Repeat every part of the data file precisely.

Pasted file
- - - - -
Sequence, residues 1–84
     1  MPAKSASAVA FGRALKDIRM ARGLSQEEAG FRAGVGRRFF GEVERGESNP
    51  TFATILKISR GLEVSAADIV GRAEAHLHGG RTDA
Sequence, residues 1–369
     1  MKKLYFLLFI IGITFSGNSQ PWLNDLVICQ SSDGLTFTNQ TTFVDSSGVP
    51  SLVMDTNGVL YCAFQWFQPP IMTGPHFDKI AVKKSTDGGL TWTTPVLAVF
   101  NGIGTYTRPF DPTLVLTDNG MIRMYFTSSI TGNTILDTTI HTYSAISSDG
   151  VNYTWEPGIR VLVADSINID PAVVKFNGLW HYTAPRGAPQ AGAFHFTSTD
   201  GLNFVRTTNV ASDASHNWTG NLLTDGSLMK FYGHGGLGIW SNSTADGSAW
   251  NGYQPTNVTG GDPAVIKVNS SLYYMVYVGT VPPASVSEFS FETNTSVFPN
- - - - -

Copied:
Sequence, residues 1–84
     1  MPAKSASAVA FGRALKDIRM ARGLSQEEAG FRAGVGRRFF GEVERGESNP
    51  TFATILKISR GLEVSAADIV GRAEAHLHGG RTDA
Sequence, residues 1–369
     1  MKKLYFLLFI IGITFSGNSQ PWLNDLVICQ SSDGLTFTNQ TTFVDSSGVP
    51  SLVMDTNGVL YCAFQWFQPP IMTGPHFDKI AVKKSTDGGL TWTTPVLAVF
   101  NGIGTYTRPF DPTLVLTDNG MIRMYFTSSI TGNTILDTTI HTYSAISSDG
   151  VNYTWEPGIR VLVADSINID PAVVKFNGLW HYTAPRGAPQ AGAFHFTSTD
   201  GLNFVRTTNV ASDASHNWTG NLLTDGSLMK FYGHGGLGIW SNSTADGSAW
   251  NGYQPTNVTG GDPAVIKVNS SLYYMVYVGT VPPASVSEFS FETNTSVFPN